Writing a book is easy.
The actual writing.
OK. Maybe not nothing. Maybe it’s like 1% of the whole insane process that is known as ‘a book.’
People think the writing is hard.
The hard bit is thinking what to write.
It’s the researching and learning about what you decide to write.
It’s figuring out which bits to leave out.
And which bits to leave in.
It’s editing what you’ve written.
It’s figuring out what to delete.
What to add.
It’s uploading a book to one website so it appears on other websites.
It's designing a cover for the book.
And redesigning it.
It’s getting people to do advance reviews of the book.
Getting people to buy the book.
Doing talks about the book.
Writing articles about the book.
Doing press about the book.
It’s checking the book once it’s been made to look like a book.
It’s asking people who like the book to review it on Amazon.
It’s worrying about the book.
Worrying so much about the book.
It’s hoping people who hate the book aren’t too unkind about the book.
It’s realising once you’ve written one book, you’re going to have to write another book.
The list goes on.
This really is just the half of it.
(Thankfully, there’s a load of people - publishers, editors, marketers, friends and family - who help with all this extra ‘bookness.’ And my sincere thank you to everyone who’s been involved so far and is still involved.)
But the writing. Pfff. The writing is nothing.
I look at the giant wall of books I have in my lounge and feel I share a dirty new secret with them:
The writing is sideshow.
I don’t know how I feel about it.
There I was for years thinking it was about the writing. Turns out I was wrong.
The writing is an extra in the film. Without any lines; who is killed in the opening scene.
So what is it all about, if it isn’t about the writing?
Here’s the realisation. Dumb me because I should have known.
To be fair, I already did know but didn’t truly understand how deep the conspiracy went.
It’s all about the ideas.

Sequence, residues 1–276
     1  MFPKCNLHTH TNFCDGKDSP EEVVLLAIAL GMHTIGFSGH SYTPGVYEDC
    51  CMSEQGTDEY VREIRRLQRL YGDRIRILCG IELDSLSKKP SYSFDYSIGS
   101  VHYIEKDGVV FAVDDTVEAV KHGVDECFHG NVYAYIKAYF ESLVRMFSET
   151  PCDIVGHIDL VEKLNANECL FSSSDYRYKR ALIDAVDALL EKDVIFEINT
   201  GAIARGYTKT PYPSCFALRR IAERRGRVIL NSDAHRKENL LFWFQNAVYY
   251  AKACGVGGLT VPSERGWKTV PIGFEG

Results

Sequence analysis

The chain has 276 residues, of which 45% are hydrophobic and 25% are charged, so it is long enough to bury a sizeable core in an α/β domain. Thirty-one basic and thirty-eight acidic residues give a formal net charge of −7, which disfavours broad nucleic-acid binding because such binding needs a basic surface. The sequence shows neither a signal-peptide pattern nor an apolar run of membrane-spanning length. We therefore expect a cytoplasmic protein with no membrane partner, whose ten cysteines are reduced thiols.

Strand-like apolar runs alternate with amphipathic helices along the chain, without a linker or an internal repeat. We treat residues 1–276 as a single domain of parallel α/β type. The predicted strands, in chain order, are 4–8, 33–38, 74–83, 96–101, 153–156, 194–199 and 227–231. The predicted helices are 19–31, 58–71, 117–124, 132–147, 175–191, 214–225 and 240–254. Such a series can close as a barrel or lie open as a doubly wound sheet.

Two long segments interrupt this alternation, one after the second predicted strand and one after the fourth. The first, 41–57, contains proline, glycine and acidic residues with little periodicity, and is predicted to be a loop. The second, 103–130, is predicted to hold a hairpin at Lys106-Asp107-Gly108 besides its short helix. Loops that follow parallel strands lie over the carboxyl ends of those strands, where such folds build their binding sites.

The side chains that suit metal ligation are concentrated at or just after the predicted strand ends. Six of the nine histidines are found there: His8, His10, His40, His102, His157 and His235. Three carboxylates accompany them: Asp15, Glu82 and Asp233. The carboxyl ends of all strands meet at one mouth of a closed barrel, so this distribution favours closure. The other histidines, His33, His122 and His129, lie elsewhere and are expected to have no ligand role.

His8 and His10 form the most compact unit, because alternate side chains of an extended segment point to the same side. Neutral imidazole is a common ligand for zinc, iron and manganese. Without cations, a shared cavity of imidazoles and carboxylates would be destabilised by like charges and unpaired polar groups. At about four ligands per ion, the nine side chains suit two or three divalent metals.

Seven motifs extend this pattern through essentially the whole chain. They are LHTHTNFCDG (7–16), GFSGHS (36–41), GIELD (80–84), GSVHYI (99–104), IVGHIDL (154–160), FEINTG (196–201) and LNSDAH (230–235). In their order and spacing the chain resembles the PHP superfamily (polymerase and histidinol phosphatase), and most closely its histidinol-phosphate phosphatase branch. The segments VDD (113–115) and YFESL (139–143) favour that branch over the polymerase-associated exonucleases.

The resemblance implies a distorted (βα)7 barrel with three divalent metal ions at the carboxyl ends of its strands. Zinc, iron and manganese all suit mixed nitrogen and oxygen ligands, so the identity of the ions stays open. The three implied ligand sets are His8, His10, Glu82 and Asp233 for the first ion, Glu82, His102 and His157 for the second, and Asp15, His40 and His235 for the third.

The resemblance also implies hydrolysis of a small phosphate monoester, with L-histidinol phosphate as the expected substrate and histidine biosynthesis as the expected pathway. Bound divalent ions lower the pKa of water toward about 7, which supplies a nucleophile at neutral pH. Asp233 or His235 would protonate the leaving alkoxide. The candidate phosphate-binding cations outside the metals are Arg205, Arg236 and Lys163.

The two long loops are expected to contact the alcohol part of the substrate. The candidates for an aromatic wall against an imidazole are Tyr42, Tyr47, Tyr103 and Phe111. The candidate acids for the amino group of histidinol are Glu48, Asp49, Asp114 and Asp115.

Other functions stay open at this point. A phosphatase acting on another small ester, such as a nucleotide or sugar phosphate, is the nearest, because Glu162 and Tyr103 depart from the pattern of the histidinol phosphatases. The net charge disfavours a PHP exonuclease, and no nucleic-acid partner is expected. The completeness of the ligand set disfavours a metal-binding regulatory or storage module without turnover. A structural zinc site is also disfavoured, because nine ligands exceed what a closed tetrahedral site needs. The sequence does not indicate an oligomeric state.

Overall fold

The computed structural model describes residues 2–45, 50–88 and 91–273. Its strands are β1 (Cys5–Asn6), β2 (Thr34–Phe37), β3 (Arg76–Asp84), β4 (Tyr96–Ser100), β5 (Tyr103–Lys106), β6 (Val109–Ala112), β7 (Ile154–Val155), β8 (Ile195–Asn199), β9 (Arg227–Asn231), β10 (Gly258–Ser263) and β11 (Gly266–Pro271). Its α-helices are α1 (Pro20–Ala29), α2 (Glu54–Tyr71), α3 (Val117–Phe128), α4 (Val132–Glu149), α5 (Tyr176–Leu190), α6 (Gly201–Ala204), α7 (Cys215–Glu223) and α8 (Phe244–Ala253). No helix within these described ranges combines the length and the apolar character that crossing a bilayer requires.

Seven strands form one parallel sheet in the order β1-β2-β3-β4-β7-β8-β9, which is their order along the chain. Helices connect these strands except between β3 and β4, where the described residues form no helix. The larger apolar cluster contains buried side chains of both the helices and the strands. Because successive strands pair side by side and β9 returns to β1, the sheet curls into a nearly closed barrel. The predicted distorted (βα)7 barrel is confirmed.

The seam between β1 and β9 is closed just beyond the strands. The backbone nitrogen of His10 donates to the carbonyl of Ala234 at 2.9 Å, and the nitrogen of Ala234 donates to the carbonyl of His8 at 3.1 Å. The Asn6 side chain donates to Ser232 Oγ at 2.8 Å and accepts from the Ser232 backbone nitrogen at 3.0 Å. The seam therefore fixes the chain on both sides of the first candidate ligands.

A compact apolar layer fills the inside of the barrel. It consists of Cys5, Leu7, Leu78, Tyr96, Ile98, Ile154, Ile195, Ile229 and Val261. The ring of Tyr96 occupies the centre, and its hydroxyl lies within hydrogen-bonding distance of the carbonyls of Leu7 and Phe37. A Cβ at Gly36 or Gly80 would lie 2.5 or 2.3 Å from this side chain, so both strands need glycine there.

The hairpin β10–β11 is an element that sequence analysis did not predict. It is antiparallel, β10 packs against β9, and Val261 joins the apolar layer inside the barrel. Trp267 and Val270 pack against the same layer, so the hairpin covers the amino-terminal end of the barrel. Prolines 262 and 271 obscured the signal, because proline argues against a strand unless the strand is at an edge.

I’m not a writer. That’s why my job is so hard to define. I’m just someone who’s able to invent and express ideas.
It reminds me of a Picasso story. A woman asks him to scribble a drawing on a napkin. He obliges and says, that will be £10,000, please. She replies, but it only took you seconds! Picasso counters, no, my dear woman, it took me forty years to learn that.
It’s a simple ‘lesson,’ one I’ve just been reminded of in preparing a training session for non-‘writers’ who would like me to teach them how to write engagingly.
In documenting my own approach it dawned on me…
It’s all the same.
Writing a book. Writing a blog post. Hell, even writing a tweet. The writing is incidental.
It’s all about the research. The context. The relevance. The editing.
It is all about the ideas.
Without those, sure, the writing is hard. But then without the ideas, everything is hard.
Some other book-related news
Thanks to the small army of people that are currently helping to bring it to life, my book took a big step forward this week as the typesetting was completed. This is where it gets laid out to look how it will when it’s printed.
Happily, it now looks like a proper book and not just a glorified Word document that you call a manuscript to make yourself feel better.
I have that to check through and then it will be readied to go to print. It's exciting.
Daunting because now is also the stage at which I invite a load of industry experts to read the book and offer their thoughts.
Thankfully, the reviews so far have been extremely positive.
For example, fellow author and hugely-respected copywriter, Andy Maslen, has kindly offered these words for the cover:
"Glenn Fisher knows an incredibly valuable secret. How to write to complete strangers and get them to part with their hard-earned cash. Now he seems to have taken leave of his senses and published his secret in this book. Any copywriter, hell, any marketeer or business owner, who wants to make serious money should buy a copy."
To say I’m chuffed with such a kind review doesn’t do it justice. And my heartfelt thanks to everyone who's been sending nice words in about it.
Elsewhere, as I come to realise a book has very little to do with writing and more to do with everything that is not writing, I’m in the process of arranging talks around the country.
But my first stop is in my little hometown of Grimsby.
Details for the event for local businesses at Riverhead Coffee can be found here.
I’ll update you on talks elsewhere as dates are confirmed.
Finally, I’ll also be starting a new podcast loosely linked to the book. I’m going to be doing things in a slightly different way (dare I say, more professional) to how I’ve done interviews in the past. But expect irreverence and lots of what I believe is humour (even if no one else believes it).
It’s all really exciting and it's a pleasure to be a part of.
If you’re not already involved yourself, I’d love you to be in someway. Just reach out to me here. But the first, most simple step you can take is to pre-order the book itself.